Shipping: Shipping fees start from GBP £4.29

200th Anniversary of the Birth of Dr. Ante Starcevic (C)

GBP £0.42
First Day Cover
GBP £1.34
Full sheets
GBP £8.39
About 200th Anniversary of the Birth of Dr. Ante Starcevic (C)

Politician and publicist Dr. Ante Starčević (Žitnik near Gospić, 23 May 1823 – Zagreb, 28 February 1896) is one of the most prominent figures in Croatian political history ever. He was born in Lika and received his education in Zagreb, his hometown, and in Pest, where he earned his doctorate in philosophy. In his youth, he was an ardent supporter of Ban Josip Jelačić and the Illyrian movement, but after the disappointment of 1848/49, he rejected the ideas of Illyrianism and Yugoslavism as fallacies and devoted himself to building a modern Croatian national idea based on history and state law, to which he would devote himself until death. In 1861, he co-founded the Party of Rights with Eugen Kvaternik and was elected to the Croatian Parliament for the first time in the same year. With one brief hiatus, he was a member of Parliament until his death, and the rostrum, together with newspaper articles and election notices, was the primary means by which he disseminated his doctrine. This doctrine was adopted by his followers, who passed on these beliefs and ideas to the Croatian people. Some of the most notable figures of Croatian literature of the time (Ante Kovačić, Eugen Kumičić, Antun Gustav Matoš) played a particularly vital role in establishing the cult of “the Old,” especially among the youth in high schools and universities.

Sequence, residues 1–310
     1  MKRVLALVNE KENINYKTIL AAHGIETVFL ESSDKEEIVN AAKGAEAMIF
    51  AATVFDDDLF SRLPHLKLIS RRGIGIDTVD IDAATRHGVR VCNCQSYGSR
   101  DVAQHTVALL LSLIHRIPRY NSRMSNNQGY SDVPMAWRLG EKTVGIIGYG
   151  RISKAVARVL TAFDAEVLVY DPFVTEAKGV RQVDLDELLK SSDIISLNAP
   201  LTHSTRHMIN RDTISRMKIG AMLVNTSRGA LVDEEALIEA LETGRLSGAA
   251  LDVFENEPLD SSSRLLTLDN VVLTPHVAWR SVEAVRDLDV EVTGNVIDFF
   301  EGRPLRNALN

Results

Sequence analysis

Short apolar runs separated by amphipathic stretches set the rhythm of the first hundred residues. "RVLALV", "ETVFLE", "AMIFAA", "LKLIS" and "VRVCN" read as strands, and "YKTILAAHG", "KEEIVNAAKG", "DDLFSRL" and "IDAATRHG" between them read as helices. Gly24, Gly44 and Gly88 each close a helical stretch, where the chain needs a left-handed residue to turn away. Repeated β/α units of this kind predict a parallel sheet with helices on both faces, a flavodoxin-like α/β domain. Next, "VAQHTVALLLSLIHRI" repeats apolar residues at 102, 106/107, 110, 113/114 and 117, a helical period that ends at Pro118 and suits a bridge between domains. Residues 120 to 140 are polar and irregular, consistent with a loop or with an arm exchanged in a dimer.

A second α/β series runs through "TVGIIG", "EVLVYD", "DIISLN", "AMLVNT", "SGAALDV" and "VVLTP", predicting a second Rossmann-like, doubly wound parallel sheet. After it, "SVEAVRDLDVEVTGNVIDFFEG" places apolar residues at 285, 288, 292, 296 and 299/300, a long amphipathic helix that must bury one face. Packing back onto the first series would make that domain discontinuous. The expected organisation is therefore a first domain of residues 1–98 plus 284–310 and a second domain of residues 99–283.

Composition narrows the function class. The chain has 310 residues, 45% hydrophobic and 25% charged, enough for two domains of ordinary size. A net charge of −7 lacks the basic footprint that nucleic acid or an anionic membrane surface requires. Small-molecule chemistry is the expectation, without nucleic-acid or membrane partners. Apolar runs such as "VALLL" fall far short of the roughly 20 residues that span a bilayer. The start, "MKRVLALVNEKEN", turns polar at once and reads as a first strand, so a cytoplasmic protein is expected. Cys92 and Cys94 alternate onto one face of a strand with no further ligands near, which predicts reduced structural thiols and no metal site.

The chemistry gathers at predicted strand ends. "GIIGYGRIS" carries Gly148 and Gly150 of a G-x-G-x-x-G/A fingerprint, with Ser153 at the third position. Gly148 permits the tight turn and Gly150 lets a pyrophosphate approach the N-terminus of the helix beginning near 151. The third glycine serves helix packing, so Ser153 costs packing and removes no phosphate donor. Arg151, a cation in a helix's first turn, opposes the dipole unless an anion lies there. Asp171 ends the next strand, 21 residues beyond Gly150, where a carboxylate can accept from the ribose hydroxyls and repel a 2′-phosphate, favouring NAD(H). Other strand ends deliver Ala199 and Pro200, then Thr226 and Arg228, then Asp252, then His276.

Irreconcilable with Vienna and Budapest, and especially with the ruling House of Habsburg, Starčević lived an ascetic life, in constant opposition, often the target of ridicule, but even in extremely difficult circumstances he managed to keep alive the belief in the territorial integration and independence of Croatia, which earned him the title of “Father of the Fatherland.”

He died in Zagreb on 28 February 1896 and was buried two days later in Šestine near Zagreb, as was his heart’s desire.

Dr. sc. Branko Ostajmer
Croatian Institute of History, Zagreb